Type of multinomial model fit by mnrfit, specified as the comma-separated pair consisting of 'model' and one of the following.

 'nominal' Default. Specify when there is no ordering among the response categories. 'ordinal' Specify when there is a natural ordering among the response categories. 'hierarchical' Specify when the choice of response category is sequential.

Example: 'model','ordinal'

Indicator for an interaction between the multinomial categories and coefficients in the model fit by mnrfit, specified as the comma-separated pair consisting of 'interactions' and one of the following.

 'on' Default for nominal and hierarchical models. Specify to fit a model with different intercepts and coefficients across categories. 'off' Default for ordinal models. Specify to fit a model with different intercepts, but a common set of coefficients for the predictor variables, across all multinomial categories. This is often described as parallel regression or proportional odds model.

Example: 'interactions','off'

Data Types: logical

Type of probabilities or counts to estimate, specified as the comma-separated pair including 'type' and one of the following.

 'category' Default. Specify to return predictions and error bounds for the probabilities (or counts) of the k multinomial categories. 'cumulative' Specify to return predictions and confidence bounds for the cumulative probabilities (or counts) of the first k – 1 multinomial categories, as an n-by-(k – 1) matrix. The predicted cumulative probability for the kth category is always 1. 'conditional' Specify to return predictions and error bounds in terms of the first k – 1 conditional category probabilities (counts), i.e., the probability (count) for category j, given an outcome in category j or higher. When 'type' is 'conditional', and you supply the sample size argument ssize, the predicted counts at each row of X are conditioned on the corresponding element of ssize, across all categories.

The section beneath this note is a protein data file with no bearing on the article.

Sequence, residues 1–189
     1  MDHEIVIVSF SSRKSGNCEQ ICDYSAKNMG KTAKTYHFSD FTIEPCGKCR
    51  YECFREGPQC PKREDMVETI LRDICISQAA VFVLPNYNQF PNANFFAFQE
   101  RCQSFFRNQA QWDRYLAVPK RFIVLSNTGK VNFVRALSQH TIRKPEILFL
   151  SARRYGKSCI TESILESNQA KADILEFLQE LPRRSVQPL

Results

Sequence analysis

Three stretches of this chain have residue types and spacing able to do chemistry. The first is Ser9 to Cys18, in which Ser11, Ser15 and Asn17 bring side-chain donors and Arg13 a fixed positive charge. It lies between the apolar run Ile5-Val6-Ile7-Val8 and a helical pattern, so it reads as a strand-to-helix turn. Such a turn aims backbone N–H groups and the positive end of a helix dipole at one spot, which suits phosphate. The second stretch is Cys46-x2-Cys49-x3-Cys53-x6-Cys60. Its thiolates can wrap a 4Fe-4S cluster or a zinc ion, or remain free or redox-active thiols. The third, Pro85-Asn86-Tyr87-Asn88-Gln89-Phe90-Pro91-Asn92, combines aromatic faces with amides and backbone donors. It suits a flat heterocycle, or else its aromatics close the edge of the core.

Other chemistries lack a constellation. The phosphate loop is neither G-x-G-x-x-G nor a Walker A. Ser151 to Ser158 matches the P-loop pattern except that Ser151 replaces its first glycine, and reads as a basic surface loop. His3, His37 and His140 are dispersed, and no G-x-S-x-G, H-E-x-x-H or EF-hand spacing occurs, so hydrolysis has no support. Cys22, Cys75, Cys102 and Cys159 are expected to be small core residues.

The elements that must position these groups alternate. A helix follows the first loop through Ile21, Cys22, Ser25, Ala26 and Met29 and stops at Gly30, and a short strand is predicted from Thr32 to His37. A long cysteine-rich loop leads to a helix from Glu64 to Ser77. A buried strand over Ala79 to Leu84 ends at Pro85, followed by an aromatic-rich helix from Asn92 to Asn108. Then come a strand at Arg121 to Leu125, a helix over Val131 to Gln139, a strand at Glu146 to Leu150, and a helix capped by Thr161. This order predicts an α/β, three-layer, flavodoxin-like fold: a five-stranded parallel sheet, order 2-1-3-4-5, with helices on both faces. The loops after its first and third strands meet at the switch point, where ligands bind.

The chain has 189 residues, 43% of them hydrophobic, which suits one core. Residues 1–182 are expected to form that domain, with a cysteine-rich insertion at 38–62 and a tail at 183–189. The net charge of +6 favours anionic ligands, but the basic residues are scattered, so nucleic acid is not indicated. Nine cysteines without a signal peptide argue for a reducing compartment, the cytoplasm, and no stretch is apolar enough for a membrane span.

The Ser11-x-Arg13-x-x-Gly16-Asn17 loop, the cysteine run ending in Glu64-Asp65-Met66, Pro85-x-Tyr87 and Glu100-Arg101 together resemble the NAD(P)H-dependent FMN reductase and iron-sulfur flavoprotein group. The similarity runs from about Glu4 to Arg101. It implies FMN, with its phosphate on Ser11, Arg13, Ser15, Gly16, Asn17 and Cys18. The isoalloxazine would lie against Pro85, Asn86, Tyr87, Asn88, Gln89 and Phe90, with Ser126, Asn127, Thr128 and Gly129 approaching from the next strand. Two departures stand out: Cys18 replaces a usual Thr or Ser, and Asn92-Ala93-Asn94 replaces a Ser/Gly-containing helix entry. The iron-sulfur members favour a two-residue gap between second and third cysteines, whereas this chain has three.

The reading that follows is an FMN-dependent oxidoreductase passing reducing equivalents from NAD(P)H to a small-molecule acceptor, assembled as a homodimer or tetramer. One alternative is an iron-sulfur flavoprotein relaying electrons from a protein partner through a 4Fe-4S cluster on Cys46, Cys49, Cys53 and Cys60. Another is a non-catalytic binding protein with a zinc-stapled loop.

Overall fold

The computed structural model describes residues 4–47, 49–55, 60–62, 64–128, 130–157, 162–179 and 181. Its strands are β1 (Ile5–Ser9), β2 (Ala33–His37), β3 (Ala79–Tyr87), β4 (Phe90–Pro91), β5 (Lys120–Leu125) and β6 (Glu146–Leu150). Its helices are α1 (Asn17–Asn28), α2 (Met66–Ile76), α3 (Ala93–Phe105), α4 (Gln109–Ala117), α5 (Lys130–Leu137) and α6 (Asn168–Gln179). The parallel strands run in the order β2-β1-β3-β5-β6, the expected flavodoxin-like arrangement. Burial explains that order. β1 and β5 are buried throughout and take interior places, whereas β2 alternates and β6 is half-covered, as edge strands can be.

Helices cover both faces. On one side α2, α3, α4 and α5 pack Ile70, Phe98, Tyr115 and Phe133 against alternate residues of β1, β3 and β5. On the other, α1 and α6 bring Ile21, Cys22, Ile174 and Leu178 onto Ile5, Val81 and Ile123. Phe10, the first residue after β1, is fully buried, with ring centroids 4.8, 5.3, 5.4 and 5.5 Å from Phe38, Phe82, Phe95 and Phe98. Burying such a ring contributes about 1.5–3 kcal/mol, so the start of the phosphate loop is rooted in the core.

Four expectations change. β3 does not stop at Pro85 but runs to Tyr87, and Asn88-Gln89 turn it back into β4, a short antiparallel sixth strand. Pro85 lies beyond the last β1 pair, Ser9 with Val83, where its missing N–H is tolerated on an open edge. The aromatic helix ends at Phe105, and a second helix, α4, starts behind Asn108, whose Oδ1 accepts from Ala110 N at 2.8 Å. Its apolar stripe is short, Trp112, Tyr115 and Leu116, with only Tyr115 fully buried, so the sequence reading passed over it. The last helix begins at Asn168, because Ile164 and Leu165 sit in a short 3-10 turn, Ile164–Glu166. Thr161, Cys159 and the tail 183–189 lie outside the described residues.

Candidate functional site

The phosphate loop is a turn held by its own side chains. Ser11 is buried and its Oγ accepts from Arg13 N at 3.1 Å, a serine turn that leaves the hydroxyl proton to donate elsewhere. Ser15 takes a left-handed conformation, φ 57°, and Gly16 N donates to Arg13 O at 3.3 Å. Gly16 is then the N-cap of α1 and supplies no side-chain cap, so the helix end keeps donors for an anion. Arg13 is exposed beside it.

Example: 'type','cumulative'

Confidence level for the error bounds, specified as the comma-separated pair consisting of 'confidence' and a scalar value in the range (0,1).

For example, for 99% error bounds, you can specify the confidence as follows:

Example: 'confidence',0.99

Data Types: single | double

Output Arguments

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Probability estimates for each multinomial category, returned as an n-by-(k – 1) matrix, where n is the number of observations, and k is the number of response categories.

Count estimates for the number in each response category, returned as an n-by-k – 1 matrix, where n is the number of observations, and k is the number of response categories.

Lower error bound to compute the lower confidence bound for pihat or yhat, returned as a column vector.

The lower confidence bound for pihat is pihat minus dlow. Similarly, the lower confidence bound for yhat is yhat minus dlow. Confidence bounds are nonsimultaneous and only apply to the fitted curve, not to new observations.

Upper error bound to compute the upper confidence bound for pihat or yhat, returned as a column vector.

The upper confidence bound for pihat is pihat plus dhi. Similarly, the upper confidence bound for yhat is yhat plus dhi. Confidence bounds are nonsimultaneous and only apply to the fitted curve, not to new observations.

 McCullagh, P., and J. A. Nelder. Generalized Linear Models. New York: Chapman & Hall, 1990.